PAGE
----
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Clarkson women’s hockey team keeps its eye on the goal

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POTSDAM — When Lindsay Williams first donned the green and gold colors of Clarkson University before the women’s hockey team’s first season at the Division I level just a little more than a decade ago, who knew what was in store for the fledgling program?

Now, 11 years later, Clarkson’s program finds itself at the pinnacle of the women’s college hockey world as the team will compete in the Frozen Four for the first time.

“It is so amazing to see how far the team has grown over the years, especially this season,” Williams said. “When we began this journey back in 2003, our goal was never to win a national championship in the four years we were playing, it was to try and set the pace and the culture of what type of team Clarkson was going to be in the future.”

Williams, who as a freshman served as an assistant captain in the Golden Knights’ first season of 2003-04, was one of the trailblazers of the Division I program.

Clarkson (29-5-5), ECAC Hockey’s regular-season champion, which is ranked second and fourth in the national polls, will play in a national semifinal against Mercyhurst at 8 tonight on the campus of Quinnipiac University in Hamden, Conn.

Midwest powers Wisconsin, ranked fourth, and Minnesota, which is ranked No. 1 in the country, will compete in the first semifinal at 5 p.m., with the national title game scheduled for 3 p.m. Sunday.

“This is awesome,” senior forward and team captain Carly Mercer said. “It’s the first time in program history, so it’s special for not only the team but the school in the general. From all the students and the staff who have put in work day in and day out — it’s exciting for everyone.”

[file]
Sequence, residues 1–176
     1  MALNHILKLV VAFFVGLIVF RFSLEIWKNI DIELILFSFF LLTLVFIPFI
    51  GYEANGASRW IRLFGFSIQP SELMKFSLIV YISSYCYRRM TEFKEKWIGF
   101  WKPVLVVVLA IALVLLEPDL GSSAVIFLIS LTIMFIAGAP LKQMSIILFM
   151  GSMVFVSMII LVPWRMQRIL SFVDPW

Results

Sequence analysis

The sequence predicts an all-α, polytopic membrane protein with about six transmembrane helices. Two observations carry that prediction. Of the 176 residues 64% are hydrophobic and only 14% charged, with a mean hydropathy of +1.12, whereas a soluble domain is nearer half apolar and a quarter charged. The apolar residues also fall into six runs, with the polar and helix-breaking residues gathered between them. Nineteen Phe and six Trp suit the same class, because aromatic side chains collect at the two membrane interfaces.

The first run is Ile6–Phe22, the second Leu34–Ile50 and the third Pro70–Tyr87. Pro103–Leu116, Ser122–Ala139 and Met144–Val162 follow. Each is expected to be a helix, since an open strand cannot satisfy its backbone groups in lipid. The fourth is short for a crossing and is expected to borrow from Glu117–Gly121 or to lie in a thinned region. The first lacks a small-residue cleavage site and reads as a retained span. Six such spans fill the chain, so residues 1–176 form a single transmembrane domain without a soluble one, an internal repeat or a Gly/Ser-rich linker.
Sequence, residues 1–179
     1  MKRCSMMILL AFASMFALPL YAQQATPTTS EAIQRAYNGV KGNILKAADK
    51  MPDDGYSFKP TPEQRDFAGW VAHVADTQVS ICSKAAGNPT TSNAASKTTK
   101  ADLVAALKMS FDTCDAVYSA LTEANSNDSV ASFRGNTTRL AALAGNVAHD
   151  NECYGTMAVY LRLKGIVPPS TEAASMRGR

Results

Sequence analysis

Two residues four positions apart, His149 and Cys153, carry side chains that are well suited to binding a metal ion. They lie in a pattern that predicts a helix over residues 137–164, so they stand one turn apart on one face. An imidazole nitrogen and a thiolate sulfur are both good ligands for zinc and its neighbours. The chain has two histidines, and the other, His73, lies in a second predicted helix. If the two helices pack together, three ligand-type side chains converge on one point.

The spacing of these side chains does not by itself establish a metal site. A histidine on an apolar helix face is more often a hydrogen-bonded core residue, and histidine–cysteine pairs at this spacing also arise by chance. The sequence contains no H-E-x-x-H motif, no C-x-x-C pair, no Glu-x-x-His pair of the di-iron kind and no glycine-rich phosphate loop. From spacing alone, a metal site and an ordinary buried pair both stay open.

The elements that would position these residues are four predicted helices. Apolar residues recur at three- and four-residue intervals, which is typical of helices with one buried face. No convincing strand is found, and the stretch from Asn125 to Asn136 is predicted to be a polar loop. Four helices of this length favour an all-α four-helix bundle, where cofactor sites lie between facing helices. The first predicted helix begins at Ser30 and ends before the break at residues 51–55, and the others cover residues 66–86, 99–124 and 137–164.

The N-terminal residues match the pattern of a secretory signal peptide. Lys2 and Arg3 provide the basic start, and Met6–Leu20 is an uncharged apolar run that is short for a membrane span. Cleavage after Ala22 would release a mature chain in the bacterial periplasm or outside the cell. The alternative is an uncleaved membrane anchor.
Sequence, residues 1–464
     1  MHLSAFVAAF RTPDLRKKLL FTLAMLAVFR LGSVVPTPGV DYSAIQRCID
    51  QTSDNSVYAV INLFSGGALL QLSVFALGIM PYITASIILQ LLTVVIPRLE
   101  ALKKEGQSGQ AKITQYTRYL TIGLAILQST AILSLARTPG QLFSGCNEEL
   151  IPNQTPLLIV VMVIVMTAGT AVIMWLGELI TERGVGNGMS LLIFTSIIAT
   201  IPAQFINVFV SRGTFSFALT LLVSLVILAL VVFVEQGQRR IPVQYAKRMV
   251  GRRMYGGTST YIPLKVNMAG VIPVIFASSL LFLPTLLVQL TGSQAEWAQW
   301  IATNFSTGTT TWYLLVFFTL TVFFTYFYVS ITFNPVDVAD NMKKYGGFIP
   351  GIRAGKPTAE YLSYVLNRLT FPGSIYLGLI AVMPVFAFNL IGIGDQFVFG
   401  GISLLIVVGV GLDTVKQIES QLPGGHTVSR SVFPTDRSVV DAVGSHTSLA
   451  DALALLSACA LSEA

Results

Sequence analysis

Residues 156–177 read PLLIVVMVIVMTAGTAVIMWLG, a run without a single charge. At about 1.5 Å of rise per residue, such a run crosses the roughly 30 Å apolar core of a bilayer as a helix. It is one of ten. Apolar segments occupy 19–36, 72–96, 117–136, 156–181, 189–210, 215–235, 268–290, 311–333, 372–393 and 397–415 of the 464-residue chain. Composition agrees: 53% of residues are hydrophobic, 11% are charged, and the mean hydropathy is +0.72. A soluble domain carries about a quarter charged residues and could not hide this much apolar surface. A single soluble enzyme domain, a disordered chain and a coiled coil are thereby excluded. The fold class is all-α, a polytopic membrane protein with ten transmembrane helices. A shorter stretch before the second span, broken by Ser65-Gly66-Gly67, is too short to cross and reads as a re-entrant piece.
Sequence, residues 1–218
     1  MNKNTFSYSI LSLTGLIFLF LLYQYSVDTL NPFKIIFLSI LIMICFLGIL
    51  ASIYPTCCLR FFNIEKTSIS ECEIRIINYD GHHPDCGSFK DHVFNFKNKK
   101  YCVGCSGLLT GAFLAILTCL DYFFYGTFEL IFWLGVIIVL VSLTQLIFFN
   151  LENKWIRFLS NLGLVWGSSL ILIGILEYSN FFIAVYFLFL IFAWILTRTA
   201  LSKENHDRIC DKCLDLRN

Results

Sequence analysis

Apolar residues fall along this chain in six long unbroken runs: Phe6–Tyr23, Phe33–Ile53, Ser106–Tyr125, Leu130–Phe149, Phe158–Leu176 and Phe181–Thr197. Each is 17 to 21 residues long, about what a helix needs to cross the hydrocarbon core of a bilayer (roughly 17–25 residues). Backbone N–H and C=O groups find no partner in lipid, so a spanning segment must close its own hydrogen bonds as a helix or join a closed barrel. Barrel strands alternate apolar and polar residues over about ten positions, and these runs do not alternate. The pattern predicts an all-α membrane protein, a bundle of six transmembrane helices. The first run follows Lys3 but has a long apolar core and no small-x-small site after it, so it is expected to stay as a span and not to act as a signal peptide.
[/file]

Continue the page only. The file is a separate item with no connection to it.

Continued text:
Success at the national level is nothing new for the Golden Knights, as the team is skating in the NCAA Tournament for the second consecutive season and the third time in five years.

“It’s just a testament to how hard we work, including our coaching staff,” Mercer said. “They go out and they recruit all the time. They’re away from their families and they’re missing games and practices to make sure that we get the best players. To make it to a Frozen Four when the program is so young is a testament to them and how hard they work.”

The Golden Knights have set a single-season school record for victories (29), including the program’s first NCAA Tournament win in a 3-1 decision over Boston College at Clarkson’s Cheel Arena on Saturday.

“It’s amazing,” Clarkson co-coach Shannon Desrosiers said. “When Rick (Seeley), Ted (Wisner, who now coaches at St. Lawrence) and I started, we had a team where almost everyone was a freshman, besides one transfer who was a junior. They were a group that was extremely hard-working and we still owe a lot to them because they are the foundation of what we still believe in terms of work ethic and battling and competing.”

It didn’t take long for the Clarkson program to emerge as a successful one. Including this season, it has forged nine winning campaigns in 11 years and has qualified for the ECAC Hockey playoffs in all 10 of its seasons in the conference.

“From day one, Shannon was always my role model,” Williams said. “Since we were such a young program, and she had recently graduated (from St. Lawrence) and captained a successful team, I always looked to her for advice. She trained, conditioned and pushed us to limits we never knew we could reach. She was so inspiring and motivating.”

Interestingly enough, Desrosiers, who as a player starred for archrival St. Lawrence University and helped lead the Saints to the title game of the first women’s Frozen Four in 2001, has been with the Clarkson program since its rebirth at the Division I level.